The Seed Project

In 1989, the Society of St. Andrew began the Seed Potato Project, a self-help program for some of the poorest regions of our country. The program has since been expanded to include seeds for other produce.

The Seed Project renames and strategically extends SoSA’s historical Seed Potato Project, which for more than 30 years has provided seed potatoes to Appalachian farmers each spring.

The Society of St. Andrew knows enough food is produced in the United States to feed every hungry individual. But SoSA also knows food is not always grown where it is needed most.

Partners and recipients include Appalachian farmers and other partners in food deserts, rural areas, community gardens, inner-city gardens, edible church gardens, and schools. The Seed Project focuses specifically on food desert areas, community gardens, inner city gardens, edible churchyards, and church gardens, and Title I/Community Eligibility school garden projects.

The Seed Project’s success is built on a partnership with SPI (Seed Programs International), a North Carolina-based nonprofit that has spent decades developing hardy seeds for domestic and international hunger relief programs. Initially, this joint venture began as a collaboration between SoSA and SPI (Seed Programs International) to prevent good seeds from being discarded as waste due to packaging and other superficial errors.

Carrying Seed Potatoes

Families that receive seed potatoes from the Society of St. Andrew use them to grow potatoes in their homes or community gardens. The recipients prepare the fields, plant the seed potatoes, cultivate the crop, and harvest the produce. This food supplements the family diet with nutritious potatoes throughout the winter.

It is truly a cooperative effort to feed people in need through this innovative self-help program.

“I think the seed potato program is just as important and in some cases even more important than a crop drop. I attend Concord United Methodist Church in Knoxville, Tennessee and we have been blessed to work with SoSA since 2010 when we hosted our first crop drop of 43,000 pounds of watermelons.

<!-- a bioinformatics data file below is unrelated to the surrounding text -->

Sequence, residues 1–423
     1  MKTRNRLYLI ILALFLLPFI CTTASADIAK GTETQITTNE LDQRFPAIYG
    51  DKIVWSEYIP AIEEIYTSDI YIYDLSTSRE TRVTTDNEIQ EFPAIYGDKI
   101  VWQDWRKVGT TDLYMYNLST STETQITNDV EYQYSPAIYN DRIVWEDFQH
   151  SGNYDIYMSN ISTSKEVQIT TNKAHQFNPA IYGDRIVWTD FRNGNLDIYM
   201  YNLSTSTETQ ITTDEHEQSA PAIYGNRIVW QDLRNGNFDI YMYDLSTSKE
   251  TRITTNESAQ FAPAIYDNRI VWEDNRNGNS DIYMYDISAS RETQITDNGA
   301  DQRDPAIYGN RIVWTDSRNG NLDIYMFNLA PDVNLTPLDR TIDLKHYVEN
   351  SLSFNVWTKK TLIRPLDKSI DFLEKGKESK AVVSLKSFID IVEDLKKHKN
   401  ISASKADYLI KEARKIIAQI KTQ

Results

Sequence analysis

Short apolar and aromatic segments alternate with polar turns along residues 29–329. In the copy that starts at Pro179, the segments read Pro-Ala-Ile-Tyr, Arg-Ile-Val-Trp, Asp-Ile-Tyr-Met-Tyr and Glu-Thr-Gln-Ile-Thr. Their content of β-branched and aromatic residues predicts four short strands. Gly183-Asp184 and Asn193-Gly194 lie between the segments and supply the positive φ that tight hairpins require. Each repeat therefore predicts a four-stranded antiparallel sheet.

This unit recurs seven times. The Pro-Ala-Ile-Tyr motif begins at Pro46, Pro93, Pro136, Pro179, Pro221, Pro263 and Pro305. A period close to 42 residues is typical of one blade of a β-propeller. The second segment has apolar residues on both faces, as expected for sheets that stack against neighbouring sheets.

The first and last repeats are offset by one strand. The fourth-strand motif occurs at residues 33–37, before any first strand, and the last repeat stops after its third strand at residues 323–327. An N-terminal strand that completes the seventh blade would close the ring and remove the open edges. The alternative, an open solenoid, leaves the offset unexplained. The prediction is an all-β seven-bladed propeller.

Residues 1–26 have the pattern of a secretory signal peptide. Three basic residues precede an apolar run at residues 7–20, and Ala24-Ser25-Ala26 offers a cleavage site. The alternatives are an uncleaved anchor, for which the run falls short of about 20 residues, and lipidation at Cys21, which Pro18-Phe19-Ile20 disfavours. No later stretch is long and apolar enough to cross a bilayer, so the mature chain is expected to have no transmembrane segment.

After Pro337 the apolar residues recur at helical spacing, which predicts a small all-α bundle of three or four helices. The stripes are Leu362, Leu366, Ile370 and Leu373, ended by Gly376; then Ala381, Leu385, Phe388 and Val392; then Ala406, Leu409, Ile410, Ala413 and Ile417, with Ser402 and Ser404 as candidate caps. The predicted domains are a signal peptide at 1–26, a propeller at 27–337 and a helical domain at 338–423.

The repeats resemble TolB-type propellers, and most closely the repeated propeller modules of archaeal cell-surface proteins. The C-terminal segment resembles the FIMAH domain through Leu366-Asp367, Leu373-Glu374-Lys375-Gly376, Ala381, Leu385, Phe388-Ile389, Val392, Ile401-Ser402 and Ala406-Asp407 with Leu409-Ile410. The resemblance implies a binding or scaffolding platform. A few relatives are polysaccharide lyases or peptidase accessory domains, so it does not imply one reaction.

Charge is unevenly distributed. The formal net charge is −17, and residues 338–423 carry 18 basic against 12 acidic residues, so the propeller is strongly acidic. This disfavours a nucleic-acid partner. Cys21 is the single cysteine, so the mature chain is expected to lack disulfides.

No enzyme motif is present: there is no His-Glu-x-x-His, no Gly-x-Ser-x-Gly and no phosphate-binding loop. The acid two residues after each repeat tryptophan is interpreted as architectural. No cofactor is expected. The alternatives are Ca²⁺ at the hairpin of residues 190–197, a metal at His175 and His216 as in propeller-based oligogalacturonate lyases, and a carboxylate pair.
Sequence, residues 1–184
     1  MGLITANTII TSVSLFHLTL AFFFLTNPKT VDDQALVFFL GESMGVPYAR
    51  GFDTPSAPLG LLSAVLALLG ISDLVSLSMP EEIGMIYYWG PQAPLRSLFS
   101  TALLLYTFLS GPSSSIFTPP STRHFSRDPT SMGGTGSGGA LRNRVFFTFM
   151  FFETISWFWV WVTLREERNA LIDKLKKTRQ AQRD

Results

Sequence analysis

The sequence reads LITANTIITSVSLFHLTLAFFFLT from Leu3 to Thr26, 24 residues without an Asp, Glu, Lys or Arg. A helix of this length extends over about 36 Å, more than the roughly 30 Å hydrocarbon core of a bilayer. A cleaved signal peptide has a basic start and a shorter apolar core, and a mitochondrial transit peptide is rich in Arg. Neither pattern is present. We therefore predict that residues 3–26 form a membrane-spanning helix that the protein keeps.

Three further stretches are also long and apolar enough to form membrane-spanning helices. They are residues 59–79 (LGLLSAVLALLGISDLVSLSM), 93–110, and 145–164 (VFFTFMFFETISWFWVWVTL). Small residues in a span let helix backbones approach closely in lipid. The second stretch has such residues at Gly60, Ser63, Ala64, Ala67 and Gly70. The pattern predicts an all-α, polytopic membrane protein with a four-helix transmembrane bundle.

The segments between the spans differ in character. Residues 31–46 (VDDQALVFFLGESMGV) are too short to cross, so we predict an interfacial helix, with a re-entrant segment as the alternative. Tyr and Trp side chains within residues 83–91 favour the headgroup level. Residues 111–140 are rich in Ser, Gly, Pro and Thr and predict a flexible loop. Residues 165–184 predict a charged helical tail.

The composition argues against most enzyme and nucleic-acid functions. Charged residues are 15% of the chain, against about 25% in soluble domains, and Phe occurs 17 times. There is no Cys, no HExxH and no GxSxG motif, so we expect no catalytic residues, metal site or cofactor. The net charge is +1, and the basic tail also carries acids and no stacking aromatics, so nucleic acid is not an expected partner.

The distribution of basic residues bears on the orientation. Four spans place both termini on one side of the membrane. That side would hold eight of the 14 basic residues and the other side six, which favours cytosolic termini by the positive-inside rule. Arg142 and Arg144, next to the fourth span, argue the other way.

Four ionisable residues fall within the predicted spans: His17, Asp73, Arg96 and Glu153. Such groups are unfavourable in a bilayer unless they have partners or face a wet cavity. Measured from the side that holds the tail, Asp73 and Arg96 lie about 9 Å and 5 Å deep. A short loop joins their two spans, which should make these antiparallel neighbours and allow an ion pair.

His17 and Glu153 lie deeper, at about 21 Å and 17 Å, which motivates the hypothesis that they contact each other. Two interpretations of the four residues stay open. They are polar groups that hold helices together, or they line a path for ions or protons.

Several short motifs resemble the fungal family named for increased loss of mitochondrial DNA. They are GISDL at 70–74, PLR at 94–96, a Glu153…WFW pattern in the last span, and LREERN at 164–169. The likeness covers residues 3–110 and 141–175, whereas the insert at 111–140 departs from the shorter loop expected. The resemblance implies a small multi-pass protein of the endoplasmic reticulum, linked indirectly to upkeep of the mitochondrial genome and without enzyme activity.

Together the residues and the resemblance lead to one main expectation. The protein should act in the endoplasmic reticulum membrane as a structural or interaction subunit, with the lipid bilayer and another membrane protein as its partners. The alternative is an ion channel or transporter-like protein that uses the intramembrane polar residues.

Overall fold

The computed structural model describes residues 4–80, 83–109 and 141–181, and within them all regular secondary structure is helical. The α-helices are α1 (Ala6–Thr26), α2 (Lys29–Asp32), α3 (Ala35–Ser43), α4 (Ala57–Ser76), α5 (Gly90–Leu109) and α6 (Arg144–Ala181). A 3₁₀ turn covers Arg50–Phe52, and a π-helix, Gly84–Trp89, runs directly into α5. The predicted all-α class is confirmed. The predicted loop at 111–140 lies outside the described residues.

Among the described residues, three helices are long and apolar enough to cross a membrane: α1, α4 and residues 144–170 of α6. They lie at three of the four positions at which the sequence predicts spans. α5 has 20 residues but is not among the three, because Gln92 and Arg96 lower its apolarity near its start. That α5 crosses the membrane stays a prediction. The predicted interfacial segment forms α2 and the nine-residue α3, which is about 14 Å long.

We usually have more than 200 folks, from ages 5 to 85 years old, come out and help bag whatever crop we have at a particular event. They’re not afraid of hard work and they’re eager to serve their neighbors and the local community.

The best part is when folks come to pick up the produce towards the end of the drop or event. We get to see the smiles on their faces and get to talk with some of them as we help them load their cars, trucks or trailers.

For years, we have been “handing out” food to our neighbors who need it most. And now things have grown a bit and we’re able to give so many more of our neighbors a “hand up” through being a part of the Seed Potato Project.

With these potatoes, we are not only giving a “hand out”, we are giving a “hand up” and a promise of more food in the future. We have always wanted to serve our neighbors and through a partnership with SoSA, we have been able to do just that. What a wonderful blessing it is to be a part of something so effective at helping so many people.”

-Mike Smith
Concord United Methodist Church, Knoxville, Tennessee

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